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Gears advice

TRAMCARTRAMCAR Posts: 5
edited September 2011 in Road beginners
I'm thinking of purchasing my first ever road bike and am looking at either Specialized Secteur Sport Triple (£800 with 27 gears) or the Spec. Secteur Elite (£1000 and 20 gears). Does a triple with 27 gears just give you the same gear range but with more gears in between making it more suitable for a novice? Why does the more expensive bike have fewer gears?

Posts

  • Get the elite with APEX - its fab (well see my posts about being faster on new bike for details) but run an online gear calculator on the set ups on both and check the ratios. I needed super low due to being v fat and unfit but if you need em its fab!

    Elite is a lovely bike as well and super confortable - if you have spesh concept store near you (check the spesh webiste and it will tell you your nearest) they should have both models as test bikes (or can get them). I had an Elite for a weeks loan before I decided to get it so I knew exactly how it would be for me on my local hills.
  • A triple will generally give you lower gears than a standard double or a compact. Whether that's of any use to you depends on your legs and where you're riding -- if you don't have steep hills, you don't need a triple. If you do have hills, you might benefit from it or might not.

    The number of gears available doesn't really mean anything and isn't useful for comparison purposes. What's more interesting is the lowest gear, highest gear, and gear spacing in the most commonly used range. Those 27 gears will have a lot more duplication, and more combinations that you'll never use in practice, than a 20 speed setup. For example, you won't use the 50/25 gear on a triple, since the 39/20 gear provides almost exactly the same ratio and doesn't require crossing the chain and wearing out your drivetrain.

    An Apex setup with a compact chain ring and the 11-32T cassette (so 20 gears) will provide just as much range as a triple with a 12-25T cassette and 27 gears. The only disadvantage is that you won't have as many low gears to choose from, which might be an issue if you do lots and lots of climbing.

    Bottom line: forget the number of gears. If the lowest gear is low enough to get you up whatever hills you have locally, that's what matters.
  • GizmodoGizmodo Posts: 1,928
    From what I've read, people who are new to cycling and regularly do big hills often choose the triple as it has a lower low gear. Typically they report that after a few months they never use the lowest gear and then start posting on here asking how they can change to a compact.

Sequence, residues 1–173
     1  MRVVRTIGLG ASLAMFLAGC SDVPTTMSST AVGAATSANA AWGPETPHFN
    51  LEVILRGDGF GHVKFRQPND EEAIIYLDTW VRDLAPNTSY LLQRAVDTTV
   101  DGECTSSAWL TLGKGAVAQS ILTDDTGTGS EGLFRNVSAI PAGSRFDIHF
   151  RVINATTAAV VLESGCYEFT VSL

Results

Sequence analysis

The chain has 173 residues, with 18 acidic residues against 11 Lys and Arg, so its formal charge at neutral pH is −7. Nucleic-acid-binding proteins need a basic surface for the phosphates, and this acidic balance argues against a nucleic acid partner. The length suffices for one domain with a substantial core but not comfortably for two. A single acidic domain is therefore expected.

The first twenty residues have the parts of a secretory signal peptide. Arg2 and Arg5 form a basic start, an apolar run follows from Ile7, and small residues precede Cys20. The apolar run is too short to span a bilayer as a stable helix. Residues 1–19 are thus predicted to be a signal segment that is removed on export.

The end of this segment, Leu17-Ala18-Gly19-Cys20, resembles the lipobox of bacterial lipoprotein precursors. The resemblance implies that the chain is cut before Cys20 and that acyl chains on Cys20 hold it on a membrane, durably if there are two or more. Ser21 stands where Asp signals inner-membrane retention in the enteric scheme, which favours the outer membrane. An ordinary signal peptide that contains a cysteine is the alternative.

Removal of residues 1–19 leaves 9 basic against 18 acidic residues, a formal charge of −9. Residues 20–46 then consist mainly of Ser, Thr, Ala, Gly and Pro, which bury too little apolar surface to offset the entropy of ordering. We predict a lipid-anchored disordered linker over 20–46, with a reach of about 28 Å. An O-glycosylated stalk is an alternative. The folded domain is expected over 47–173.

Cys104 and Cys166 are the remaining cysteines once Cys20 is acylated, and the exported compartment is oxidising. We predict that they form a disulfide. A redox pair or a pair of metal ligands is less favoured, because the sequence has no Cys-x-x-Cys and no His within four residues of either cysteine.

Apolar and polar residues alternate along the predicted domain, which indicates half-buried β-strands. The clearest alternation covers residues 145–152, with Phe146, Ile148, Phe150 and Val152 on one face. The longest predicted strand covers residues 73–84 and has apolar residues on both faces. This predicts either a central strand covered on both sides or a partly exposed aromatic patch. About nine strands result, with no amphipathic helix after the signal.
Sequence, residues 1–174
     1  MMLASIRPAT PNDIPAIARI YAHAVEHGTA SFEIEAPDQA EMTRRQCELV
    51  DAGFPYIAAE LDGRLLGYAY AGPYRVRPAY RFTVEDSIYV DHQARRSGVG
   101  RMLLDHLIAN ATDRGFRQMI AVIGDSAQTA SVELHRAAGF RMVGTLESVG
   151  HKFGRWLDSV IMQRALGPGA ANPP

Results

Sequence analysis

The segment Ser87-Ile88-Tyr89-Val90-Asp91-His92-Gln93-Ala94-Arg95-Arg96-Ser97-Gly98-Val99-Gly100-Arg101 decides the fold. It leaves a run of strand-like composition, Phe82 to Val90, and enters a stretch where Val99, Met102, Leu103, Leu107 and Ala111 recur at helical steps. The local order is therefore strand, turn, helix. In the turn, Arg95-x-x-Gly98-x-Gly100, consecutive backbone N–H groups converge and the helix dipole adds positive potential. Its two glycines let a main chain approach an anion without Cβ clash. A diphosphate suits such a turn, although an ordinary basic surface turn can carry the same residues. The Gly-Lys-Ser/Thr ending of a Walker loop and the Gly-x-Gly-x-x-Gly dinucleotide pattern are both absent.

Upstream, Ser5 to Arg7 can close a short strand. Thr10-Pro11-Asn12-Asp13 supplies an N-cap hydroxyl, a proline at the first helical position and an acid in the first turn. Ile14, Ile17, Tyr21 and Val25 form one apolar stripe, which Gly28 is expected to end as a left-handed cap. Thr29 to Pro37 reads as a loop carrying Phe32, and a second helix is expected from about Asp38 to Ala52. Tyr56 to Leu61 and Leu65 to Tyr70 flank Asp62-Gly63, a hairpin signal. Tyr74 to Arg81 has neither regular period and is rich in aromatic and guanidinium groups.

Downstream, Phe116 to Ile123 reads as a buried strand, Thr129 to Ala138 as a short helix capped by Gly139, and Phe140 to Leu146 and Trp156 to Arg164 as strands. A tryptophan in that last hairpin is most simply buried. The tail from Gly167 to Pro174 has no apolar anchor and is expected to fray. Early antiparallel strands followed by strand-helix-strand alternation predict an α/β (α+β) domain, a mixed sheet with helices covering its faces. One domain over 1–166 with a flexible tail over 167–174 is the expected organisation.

The triple is also useful if you plan to tour on the bike, carrying the extra weight of camping gear.

    If you are reasonably fit and/or will be cycling reasonably flat routes for the first few months of cycling, then I would go with the compact (the Elite).

    I haven't tried a tripple, but I have tried both standard and compact front mech and I noticed that getting up hills isn't that much easier whichever one you choose - it's more about fitness.

    Definitely good advice from wishitwasallflat - go to your nearest store if you can and borrow one of each, at least for a couple of hours.
  • I have a Boardman with SRAM Apex.

    It is my first road bike in the last 27 years and the first serious hill I tried I had to use every gear I had to get up, but I did get up. There is no way I would have managed it without Apex gears.

    When I get stronger and fitter I will look to more covetional setups but at the monent the Apex are a godsend.
    Cube Agree GTC Pro
    Boardman Comp
    Carrera Subway Hybrid
  • Thanks to everyone for their prompt and informative responses - I think I'm swaying towards the 20 gear Elite.
  • deswellerdesweller Posts: 5,175
    A triple allows you to have a wide range of gears without compromising the gear spacing. A double forces you to choose either between a close ratio back block or a wide range of gears. A compact lessens this to some extent but is something of a halfway house; you'll spend more time swapping rings on the front than you would with the triple.

    The end result of a triple is that you spend most of your time in that very convenient 39T or 40T middle ring, occasionally dropping to the granny gear for tough ascents and equally occasionally popping up to the big ring for seriously fast descents.

    A triple is easier to live with than a compact IMO. Even after 5 months of riding with it I have not got used to a compact.
    - - - - - - - - - -
    On Strava.{/url}
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